Thanks to The Sword and the Flute, Ivory won a commission from New York's Asia Society that first took him to India to shoot the documentary that eventually became The Delhi Way (1964).

Even more importantly, it was The Sword and the Flute that provided Ivory with his introduction to the Indian film producer Ismail Merchant and a lifelong relationship that transformed both of their lives.

"I was editing The Delhi Way in New York when I met Ismail Merchant," Ivory says. "He had come to a screening of The Sword and the Flute and he just came up and talked to me.

"He had an idea about making feature films in India, in English, for the international market, which had never been done before."

The producer and the director soon formed Merchant and Ivory Productions and their first movie, The Householder, opened in 1963.

The film tells the story of Prem (Shashi Kapoor), a young schoolteacher, as he gradually gets to know his new wife, the charming and independent Indu (Leela Naidu). It was based on a 1959 book of the same name.

Merchant, who died in 2005, and Ivory had approached Ruth Prawer Jabhvala directly to see if the author would adapt her novel for their script.

"She said, 'I've never written a script'," says Ivory. "And so he said, 'Well, he's never directed a film and I've never produced one. So what?'"

With a single conversation, a creative triumvirate was formed. It was a multicultural collaboration that Merchant once described as a "strange marriage".

"I am an Indian Muslim, Ruth is a German Jew, and Jim is a Protestant American," says the producer. "Someone once described us as a three-headed god. Maybe they should have called us a three-headed monster."

The trio's output during the 1960s not only allowed Ivory to immerse himself in India but also to develop his collection of miniatures and drawings.

"The films provided me with the means of coming to India and the time to be there often," Ivory says.

"You never knew what the various dealers were going to come up with but I was able to pick up pictures at a time when there were many good ones on the market at a very good price."

It was during this period that Ivory met Stuart Cary Welch, an internationally renowned collector of Islamic and Indian art who curated the Art of Mughal India (1964), a major exhibition at the Asia Society.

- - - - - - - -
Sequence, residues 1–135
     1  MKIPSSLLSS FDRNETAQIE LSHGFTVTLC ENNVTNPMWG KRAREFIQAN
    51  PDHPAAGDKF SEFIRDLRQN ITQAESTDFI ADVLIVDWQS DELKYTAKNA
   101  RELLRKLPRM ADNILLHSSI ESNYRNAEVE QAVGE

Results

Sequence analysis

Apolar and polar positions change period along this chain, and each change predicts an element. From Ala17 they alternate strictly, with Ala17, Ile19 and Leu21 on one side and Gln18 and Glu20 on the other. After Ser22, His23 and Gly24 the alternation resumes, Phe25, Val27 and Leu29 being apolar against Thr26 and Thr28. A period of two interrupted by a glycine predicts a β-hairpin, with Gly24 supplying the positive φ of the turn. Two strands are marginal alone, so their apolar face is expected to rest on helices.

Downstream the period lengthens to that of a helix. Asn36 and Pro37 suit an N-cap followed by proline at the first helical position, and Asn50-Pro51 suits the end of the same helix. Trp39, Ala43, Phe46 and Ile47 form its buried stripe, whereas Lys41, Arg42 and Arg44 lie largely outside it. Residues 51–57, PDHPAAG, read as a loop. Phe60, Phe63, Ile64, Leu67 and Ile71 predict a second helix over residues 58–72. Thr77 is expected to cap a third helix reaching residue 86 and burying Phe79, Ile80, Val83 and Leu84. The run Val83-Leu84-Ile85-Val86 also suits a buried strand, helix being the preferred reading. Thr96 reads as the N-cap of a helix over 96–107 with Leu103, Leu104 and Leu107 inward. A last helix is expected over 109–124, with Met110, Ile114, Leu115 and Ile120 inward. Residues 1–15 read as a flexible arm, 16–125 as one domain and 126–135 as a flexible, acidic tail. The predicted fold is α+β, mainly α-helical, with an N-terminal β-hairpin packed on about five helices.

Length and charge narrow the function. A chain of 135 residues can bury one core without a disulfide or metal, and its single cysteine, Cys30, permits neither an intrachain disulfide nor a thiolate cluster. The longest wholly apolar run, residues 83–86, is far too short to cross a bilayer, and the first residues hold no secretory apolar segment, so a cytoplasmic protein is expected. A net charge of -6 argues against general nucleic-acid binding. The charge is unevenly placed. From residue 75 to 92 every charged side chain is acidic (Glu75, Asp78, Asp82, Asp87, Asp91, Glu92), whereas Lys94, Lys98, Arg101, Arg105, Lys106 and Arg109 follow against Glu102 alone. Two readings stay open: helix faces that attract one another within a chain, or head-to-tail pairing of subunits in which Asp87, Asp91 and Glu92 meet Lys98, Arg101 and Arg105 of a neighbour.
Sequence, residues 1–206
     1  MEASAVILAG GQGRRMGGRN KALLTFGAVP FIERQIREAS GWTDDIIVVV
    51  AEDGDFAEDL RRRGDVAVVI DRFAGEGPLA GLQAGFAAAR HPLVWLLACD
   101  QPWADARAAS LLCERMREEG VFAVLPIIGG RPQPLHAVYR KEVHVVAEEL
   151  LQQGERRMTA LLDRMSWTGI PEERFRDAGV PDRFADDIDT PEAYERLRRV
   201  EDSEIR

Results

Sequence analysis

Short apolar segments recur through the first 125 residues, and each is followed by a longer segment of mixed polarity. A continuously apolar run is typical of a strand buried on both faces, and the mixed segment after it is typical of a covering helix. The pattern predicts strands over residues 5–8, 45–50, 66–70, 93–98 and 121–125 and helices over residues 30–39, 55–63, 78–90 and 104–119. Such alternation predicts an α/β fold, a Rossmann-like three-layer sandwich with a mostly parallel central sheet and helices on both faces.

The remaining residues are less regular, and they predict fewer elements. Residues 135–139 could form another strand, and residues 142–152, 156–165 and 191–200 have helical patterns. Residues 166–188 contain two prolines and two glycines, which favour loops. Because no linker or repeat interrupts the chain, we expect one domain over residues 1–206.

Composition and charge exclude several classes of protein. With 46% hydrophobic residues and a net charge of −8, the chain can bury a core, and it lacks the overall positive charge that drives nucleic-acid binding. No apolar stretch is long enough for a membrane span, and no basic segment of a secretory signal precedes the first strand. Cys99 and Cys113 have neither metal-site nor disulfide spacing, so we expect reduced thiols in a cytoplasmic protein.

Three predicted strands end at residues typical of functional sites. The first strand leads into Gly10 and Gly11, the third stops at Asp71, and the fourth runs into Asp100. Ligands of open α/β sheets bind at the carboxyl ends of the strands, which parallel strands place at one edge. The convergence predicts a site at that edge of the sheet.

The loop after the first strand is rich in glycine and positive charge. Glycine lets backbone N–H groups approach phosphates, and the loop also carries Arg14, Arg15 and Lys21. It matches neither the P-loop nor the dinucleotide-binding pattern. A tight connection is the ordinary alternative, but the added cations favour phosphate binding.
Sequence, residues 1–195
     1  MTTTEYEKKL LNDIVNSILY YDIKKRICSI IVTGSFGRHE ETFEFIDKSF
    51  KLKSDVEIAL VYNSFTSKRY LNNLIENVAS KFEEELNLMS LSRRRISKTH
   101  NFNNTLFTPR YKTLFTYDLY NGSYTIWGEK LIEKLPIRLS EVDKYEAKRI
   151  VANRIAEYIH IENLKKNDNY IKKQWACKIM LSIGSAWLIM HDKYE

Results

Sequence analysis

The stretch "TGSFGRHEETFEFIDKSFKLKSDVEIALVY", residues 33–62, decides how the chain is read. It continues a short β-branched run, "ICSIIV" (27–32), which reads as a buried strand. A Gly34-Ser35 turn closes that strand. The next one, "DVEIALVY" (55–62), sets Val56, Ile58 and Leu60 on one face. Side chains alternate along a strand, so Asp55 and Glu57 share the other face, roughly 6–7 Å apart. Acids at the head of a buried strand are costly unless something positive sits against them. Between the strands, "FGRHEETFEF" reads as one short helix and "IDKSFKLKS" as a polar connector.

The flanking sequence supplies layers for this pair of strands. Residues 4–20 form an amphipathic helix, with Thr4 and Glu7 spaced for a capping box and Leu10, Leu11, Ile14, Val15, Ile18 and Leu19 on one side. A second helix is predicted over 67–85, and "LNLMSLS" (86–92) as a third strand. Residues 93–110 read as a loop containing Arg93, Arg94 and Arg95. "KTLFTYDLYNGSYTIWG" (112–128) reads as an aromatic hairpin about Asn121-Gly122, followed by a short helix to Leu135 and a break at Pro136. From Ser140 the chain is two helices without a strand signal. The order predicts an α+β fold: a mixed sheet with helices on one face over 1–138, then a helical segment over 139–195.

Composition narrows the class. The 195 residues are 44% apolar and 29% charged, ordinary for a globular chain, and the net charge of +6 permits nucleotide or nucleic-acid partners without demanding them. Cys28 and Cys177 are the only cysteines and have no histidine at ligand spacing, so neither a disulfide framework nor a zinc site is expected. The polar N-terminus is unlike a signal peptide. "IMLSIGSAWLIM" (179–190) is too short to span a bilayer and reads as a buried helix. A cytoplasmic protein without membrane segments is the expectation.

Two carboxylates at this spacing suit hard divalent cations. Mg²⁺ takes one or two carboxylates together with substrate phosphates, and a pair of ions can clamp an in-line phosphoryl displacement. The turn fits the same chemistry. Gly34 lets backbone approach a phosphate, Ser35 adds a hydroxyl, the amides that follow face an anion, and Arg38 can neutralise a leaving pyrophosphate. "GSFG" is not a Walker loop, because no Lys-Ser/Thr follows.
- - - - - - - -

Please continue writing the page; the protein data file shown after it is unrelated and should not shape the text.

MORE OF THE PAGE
The two men discovered a shared passion for Indian drawings.

"I learnt a hell of a lot from him," Ivory says. "But in a way, I didn't have an interest that was as deep as his.

"My reaction to the pictures wasn't intellectual, it was entirely aesthetic. I wasn't looking for certain kind of things, I was just a looking for what I considered to be good pictures."

Around 1974 to 1975, the first phase of Ivory's filmmaking in India ended and as he spent more time filming in Britain and the US, his forays into the miniature market also diminished.

But in 1978 he returned to miniatures with Hullabaloo over Georgie and Bonnie's Pictures, a movie commissioned by Melvyn Bragg at London Weekend Television.

"LWT were interested in doing something with us but it had to be about art in some way, and the only art I knew anything about was Indian miniatures, really, as by that time I'd had almost 20 years of collecting pictures and I knew Cary Welch very well," Ivory says.

"Most of the pictures in the film belonged to him and the Maharajah of Jodhpur, but the film is really about collectors and people's ideas about Indian miniatures in the West.

"Should they be left in India where white ants can get at them and where they might be robbed or should they be taken away to the safety of a museum like the V& A?"

Jabhvala based her screenplay for the movie on Ivory's experiences of collecting in India.

In many ways the film, like the story of Merchant Ivory's formation, provides an interesting parallel with the Louvre Abu Dhabi's collection and the cosmopolitanism of the wider Saadiyat Island Project.

Hullabaloo was first broadcast in July 1978 on The South Bank Show, a British television arts programme, and is being screened again this evening as part of the director's appearance at Manarat Al Saadiyat.

"I should add that it's not a serious film," the filmmaker insists. "It's a kind of fairytale, a romp or a comic thriller, really. You may get enlightened, but the purpose was to entertain."

nleech@thenational.ae

Louvre Abu Dhabi Talking Art Series, James Ivory Talks: Miniature Paintings and Films. Wednesday, January 28, 2015. Talk: 6.30pm-7.30pm, screening of Hullabaloo Over Georgie and Bonnie's Pictures, (duration: 85 minutes): 7.30pm-9pm. Manarat Al Saadiyat, Saadiyat Cultural District on the Saadiyat Island in Abu Dhabi. Prior registration for the talks and film screening is required. Email manaratalsaadiyat@tcaabudhabi.ae to register or call 02 657 5800.